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French Guiana

Bishops’ Residenz

About French Guiana

French Guiana is the wealthiest territory in South America. Situated on the mainland and bordered by Brazil and Suriname, the tiny state is an overseas department of France. The region is home to a variety of ecosystems, from vibrant rainforests to green wetlands, and houses a dark and intriguing piece of France’s history.

Though initially inhabited by Native Americans, no written history for French Guiana exists for the time period before the arrival of Europeans. Scholars, therefore, can only know what happened here after 1498, when Christopher Columbus arrived. After several brief possessions by the French, English and Dutch, France took final control.

The French developed three of the territory’s offshore islands, the Îles du Salut, or Islands of Salvation, into a much-feared penal colony for the most notorious French criminals. Criminals, both male and female, who had received more than three sentences for theft were sent here for six months before being freed and allowed to become settlers—a sort of experimental rehabilitation.

The most notable prisoner to be held in this remote prison system, Captain Alfred Dreyfus, was sent here in 1895, accused of treason and later exonerated. The Frenchman Henri Charrière was among the few to escape. Charrière told his story in a memoir, Papillon, which was later adapted into a film starring Steve McQueen and Dustin Hoffman.

Gradually, the Islands of Salvation were phased out of the French penal system before being completely shut down in 1953. Today, they offer a glimpse into a fascinating slice of French history.

French Guiana Lifestyle and Culture

The majority of mainland French Guiana’s diverse population resides along the coast, many in the capital of Cayenne. The widely diverse population owes much to immigration; almost half of Guianese residents were born elsewhere, in France, Brazil and on islands throughout the Caribbean. Roman Catholicism is the dominant faith in the territory, and some descendants of Guiana’s indigenous people still practice their own belief systems.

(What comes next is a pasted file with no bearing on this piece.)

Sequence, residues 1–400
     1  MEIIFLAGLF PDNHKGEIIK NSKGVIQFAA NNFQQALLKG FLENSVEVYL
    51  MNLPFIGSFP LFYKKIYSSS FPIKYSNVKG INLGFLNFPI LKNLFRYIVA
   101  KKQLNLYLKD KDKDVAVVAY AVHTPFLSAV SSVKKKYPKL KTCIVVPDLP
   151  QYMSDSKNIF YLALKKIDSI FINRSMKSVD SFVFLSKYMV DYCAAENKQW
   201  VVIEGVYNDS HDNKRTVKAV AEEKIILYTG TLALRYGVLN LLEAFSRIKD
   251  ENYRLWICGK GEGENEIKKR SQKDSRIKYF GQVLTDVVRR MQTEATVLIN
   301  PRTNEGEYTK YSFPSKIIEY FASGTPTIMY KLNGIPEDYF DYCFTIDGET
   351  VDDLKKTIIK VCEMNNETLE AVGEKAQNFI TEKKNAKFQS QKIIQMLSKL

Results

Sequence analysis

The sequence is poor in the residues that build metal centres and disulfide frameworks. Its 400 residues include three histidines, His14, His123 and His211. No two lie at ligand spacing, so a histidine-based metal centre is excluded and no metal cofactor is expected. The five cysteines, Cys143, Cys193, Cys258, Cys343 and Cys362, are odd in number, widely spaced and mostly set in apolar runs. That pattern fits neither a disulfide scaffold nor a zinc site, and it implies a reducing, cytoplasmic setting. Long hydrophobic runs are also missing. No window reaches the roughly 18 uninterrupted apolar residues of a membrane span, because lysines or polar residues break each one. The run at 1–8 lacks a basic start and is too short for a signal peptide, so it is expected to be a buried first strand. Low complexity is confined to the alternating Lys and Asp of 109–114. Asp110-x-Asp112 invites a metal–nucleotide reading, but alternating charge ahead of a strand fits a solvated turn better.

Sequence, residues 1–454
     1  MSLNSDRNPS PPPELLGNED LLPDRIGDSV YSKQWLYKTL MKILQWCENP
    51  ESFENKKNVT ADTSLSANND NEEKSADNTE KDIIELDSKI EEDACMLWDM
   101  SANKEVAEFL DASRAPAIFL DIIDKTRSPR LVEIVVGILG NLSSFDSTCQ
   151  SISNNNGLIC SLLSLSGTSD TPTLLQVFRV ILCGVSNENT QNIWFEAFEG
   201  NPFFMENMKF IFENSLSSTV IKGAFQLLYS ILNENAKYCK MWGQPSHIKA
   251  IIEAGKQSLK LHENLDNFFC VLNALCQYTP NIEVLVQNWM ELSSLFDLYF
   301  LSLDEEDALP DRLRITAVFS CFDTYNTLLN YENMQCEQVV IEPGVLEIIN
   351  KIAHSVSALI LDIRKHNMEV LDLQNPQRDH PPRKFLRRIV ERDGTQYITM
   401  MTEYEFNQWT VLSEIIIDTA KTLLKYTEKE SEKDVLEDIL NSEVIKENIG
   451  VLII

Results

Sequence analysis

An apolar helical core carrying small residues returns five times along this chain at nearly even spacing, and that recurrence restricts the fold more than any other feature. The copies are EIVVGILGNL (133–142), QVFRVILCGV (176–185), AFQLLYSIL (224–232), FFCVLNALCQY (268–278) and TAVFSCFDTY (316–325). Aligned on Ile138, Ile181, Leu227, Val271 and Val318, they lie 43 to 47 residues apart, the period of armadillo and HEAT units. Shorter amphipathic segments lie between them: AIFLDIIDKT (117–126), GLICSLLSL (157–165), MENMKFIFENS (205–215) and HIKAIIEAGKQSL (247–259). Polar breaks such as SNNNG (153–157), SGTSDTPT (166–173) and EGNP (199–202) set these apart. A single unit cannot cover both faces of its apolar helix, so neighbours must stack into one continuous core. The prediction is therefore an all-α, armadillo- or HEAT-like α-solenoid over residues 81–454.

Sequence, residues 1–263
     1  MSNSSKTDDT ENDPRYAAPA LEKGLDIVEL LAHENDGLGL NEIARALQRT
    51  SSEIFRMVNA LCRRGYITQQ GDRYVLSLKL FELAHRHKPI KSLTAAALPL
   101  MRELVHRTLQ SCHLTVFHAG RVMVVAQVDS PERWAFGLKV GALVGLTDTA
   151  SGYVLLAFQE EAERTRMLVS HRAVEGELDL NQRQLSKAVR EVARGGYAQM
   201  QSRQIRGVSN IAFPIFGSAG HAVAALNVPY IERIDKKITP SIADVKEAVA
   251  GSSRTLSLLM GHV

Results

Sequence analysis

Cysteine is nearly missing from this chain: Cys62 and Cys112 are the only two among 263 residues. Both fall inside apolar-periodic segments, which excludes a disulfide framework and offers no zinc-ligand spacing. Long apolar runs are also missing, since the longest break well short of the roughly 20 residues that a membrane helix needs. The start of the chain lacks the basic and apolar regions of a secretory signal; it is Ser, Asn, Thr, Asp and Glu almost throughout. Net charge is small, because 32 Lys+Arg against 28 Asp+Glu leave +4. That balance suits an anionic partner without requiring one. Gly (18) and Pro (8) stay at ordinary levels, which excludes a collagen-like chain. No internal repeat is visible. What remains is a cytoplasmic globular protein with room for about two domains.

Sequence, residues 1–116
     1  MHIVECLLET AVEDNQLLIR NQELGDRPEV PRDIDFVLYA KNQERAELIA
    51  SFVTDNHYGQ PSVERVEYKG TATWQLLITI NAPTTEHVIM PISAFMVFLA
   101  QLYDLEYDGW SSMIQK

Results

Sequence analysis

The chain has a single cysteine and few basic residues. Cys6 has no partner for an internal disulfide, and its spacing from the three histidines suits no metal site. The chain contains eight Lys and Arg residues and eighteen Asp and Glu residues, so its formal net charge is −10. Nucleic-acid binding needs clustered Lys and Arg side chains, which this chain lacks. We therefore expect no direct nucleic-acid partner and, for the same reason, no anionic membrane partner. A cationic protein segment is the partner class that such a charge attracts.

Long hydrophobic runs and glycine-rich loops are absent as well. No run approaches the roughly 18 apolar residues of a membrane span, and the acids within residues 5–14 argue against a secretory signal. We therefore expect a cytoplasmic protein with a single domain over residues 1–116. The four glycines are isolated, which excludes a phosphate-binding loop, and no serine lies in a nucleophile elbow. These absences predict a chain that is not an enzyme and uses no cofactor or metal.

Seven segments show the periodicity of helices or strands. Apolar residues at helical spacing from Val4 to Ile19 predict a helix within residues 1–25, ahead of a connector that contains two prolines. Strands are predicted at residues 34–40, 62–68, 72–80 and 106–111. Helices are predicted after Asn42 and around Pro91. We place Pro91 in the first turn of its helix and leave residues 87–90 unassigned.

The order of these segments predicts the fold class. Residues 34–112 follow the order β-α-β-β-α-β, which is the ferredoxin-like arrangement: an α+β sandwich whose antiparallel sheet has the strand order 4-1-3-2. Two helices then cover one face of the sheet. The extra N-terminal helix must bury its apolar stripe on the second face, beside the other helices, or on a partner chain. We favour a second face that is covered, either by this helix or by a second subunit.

As an extension of France, French Guiana possesses no unique national identity. Even the native Amerindians have embraced largely European lifestyles. Still, the high number of immigrants has created a uniquely eclectic culture, with food, music and other facets of life taking inspiration from a wide range of sources.

Guianese typically enjoy Caribbean and Creole-inspired foods, while Western and Asian cuisines are also widespread. With its coastal locale, seafood such as shrimp often finds its way to the plates of French Guianans. Like elsewhere in South America, rice, beans and sweet potatoes are often present in everyday dishes.

Song and dance in French Guiana are inspired by Caribbean and French influences. Native artwork and crafts, too, have a tropical flair. And it’s all on rich display during the annual Mardi Gras celebration, a colorful and energetic parade of music, colorful traditional costumes, and dancing in the streets.

French Guiana Sights and Landmarks

Devil’s Island is one of the three Îles du Salut to which French prisoners, most of them political, were exiled. The old facilities are small enough to be explored independently. Nine miles off the French Guianan coast, the prison was operated from 1852 to 1953. Its location made escape virtually impossible, with rocky shores, treacherous shoals and crosscurrents surrounding the island. However, history tells us that some prisoners did escape alive.